Nevertheless, the results of cognitive sciences are less significant when it comes to explanatory studies on the outcomes of social interactions of a large number of individuals in a specific institutional context. The reason is that social scientists cannot escape from making trade-offs between the psychological realism and the tractability of their models in this context. The feasibility of their assumptions about cognition should be judged in a case-by-case manner that takes into account the purposes in which they use their models. However, in order to be able make judgements of this kind, social scientists should be aware of the relevant cognitive processes that they abstract from or idealize in their models. To this end, they need cognitive sciences (see Lizardo, 2009).

Argument from complementarity

The argument from complementarity is the oldest one of these four arguments. Eviatar Zerubavel proposed it already in his Social Mindscapes in 1997. We reconstructed Zerubavel’s argument in the paper as follows:

  1. Since cognitive science studies cognitive universals, it cannot answer questions about how cognition varies between groups and how social environments affect cognitive processes.
  2. In order to provide a more comprehensive understanding of human cognition, cognitive science should be complemented with studies that answer questions concerning the domain of sociomental (i.e. cognitive phenomena that vary between groups and cultures but are not entirely idiosyncratic).
  3. Cognitive sociology’s ontological, theoretical and methodological position allows it to answer questions concerning the domain of sociomental.
  4. Conclusion: Cognitive science should be complemented with cognitive sociology (Kaidesoja, Sarkia & Hyyryläinen 2019, 11).

The argument from complementarity is based on a view that different disciplines produce knowledge about human cognition according to their distinct ontological and epistemological commitments that may be incompatible with each other. It suggests that cognitive sociology does not aim to build a bridge between sociology and the cognitive sciences but rather forms an autonomous perspective on the sociomental aspects of human cognition that is meant to complement cognitive science.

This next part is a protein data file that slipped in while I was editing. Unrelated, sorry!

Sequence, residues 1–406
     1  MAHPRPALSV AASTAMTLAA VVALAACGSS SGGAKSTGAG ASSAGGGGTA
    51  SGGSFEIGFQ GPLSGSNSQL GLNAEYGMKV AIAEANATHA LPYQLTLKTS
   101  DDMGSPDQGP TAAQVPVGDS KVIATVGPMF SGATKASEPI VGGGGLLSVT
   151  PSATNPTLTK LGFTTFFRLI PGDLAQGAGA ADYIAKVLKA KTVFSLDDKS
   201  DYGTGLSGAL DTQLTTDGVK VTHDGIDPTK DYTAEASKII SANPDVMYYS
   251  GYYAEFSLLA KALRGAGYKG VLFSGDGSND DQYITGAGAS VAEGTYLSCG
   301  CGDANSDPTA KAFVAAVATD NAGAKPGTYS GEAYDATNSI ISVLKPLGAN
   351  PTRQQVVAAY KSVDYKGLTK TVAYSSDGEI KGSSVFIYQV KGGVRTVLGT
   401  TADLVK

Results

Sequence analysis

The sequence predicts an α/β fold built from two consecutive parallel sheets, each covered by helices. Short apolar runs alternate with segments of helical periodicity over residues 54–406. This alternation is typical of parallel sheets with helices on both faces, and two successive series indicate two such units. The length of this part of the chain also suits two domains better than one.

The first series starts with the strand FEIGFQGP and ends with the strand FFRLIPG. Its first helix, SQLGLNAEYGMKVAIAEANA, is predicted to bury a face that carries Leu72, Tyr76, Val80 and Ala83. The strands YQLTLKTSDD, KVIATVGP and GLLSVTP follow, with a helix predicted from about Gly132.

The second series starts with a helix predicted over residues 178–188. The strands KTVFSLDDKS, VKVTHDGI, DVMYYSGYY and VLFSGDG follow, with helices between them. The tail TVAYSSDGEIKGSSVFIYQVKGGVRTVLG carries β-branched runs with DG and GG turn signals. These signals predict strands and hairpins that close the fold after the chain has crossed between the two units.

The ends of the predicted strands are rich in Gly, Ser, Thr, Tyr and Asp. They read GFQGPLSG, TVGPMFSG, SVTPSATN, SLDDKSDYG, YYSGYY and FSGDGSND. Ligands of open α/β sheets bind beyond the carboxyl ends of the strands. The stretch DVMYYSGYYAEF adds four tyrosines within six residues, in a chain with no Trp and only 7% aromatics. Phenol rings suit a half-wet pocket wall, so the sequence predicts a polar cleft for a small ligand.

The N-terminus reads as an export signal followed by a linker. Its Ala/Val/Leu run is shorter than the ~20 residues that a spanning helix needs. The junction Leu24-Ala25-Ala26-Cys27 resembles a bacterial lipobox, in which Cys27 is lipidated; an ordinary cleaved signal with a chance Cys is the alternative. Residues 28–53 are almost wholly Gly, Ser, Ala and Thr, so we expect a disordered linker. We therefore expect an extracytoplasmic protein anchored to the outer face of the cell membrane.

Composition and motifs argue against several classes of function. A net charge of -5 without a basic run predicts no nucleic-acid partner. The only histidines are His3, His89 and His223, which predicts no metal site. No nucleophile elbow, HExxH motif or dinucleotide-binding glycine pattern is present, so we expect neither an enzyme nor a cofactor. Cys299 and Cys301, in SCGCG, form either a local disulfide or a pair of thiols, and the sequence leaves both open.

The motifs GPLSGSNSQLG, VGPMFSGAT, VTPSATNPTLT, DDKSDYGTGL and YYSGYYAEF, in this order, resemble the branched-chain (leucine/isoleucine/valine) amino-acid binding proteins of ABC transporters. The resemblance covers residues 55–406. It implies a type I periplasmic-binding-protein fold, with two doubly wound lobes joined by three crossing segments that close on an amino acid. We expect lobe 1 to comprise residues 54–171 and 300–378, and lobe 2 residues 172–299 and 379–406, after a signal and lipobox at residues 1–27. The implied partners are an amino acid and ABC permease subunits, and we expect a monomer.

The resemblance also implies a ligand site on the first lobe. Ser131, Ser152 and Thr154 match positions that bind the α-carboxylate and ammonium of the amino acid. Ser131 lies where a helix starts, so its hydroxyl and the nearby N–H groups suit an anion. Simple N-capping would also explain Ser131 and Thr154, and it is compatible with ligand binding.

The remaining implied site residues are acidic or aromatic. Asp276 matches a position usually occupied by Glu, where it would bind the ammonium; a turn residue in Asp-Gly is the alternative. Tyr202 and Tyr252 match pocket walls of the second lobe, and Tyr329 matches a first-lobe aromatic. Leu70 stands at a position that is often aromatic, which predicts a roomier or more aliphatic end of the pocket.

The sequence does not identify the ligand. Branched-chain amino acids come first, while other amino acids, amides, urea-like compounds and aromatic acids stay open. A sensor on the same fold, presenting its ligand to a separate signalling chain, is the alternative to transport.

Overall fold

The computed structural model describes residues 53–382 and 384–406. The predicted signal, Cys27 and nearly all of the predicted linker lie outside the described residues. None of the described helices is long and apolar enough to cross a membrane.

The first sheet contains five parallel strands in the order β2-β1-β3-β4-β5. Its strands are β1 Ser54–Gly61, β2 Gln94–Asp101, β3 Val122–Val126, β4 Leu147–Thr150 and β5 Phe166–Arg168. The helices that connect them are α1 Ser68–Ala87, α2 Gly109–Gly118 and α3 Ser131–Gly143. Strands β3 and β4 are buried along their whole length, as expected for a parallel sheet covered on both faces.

This argument assumes a quite narrow and monolithic understanding of cognitive science. Although premise 1 includes a relatively accurate characterization of the state of the cognitive science in 1990s, today it is clearly outdated. The reason is that cognitive science has moved away from a nearly exclusive focus on “the universal foundations of human cognition” (Zerubavel, 1997, p. 3) that are realized in our brains, and included wider perspectives that focus on the embodied, embedded, enactive, extended, situated, distributed and cultural-historical aspects of cognitive processes (e.g. Hutchins, 1995; Clark, 1997; Franks, 2011; Lizardo et al., 2019; Turner, 2018). Although studies on “wide cognition” (Miłkowski et al., 2018) were in their infancy in 1990s, when Zerubavel first developed his argument, it seems that these externalist approaches to human cognition are also ignored in more recent discussions that have been inspired by his work (e.g. Brekhus, 2015). Hence, the argument from complementarity needs to be updated by taking into account recent developments in the cognitive sciences. When this is done, it is not at all clear whether the revised argument provides a distinct argument for the cognitive social sciences.

Another problem with the argument from complementarity concerns the kind of interdisciplinarity it would produce in practice. Omar Lizardo (2014), for example, argues that the sociology of culture and cognition, often used as a synonym for Zerubavellian cognitive sociology, creates “a sense of pseudo-interdisciplinarity”. This means that, although the name suggests at least some degree of interdisciplinary interaction, the actual communication between these disciplines has been almost nonexistent in this tradition. All attempts to create complementary perspectives to cognitive science run the risk of pseudo-interdisciplinarity of this kind. Hence, although interdisciplinary integration is regarded as an ultimate goal of the multilevel approach to cognition in some of Zerubavel’s (e.g. 1997, p. 113) claims, the argument from complementary may actually lead away from this goal.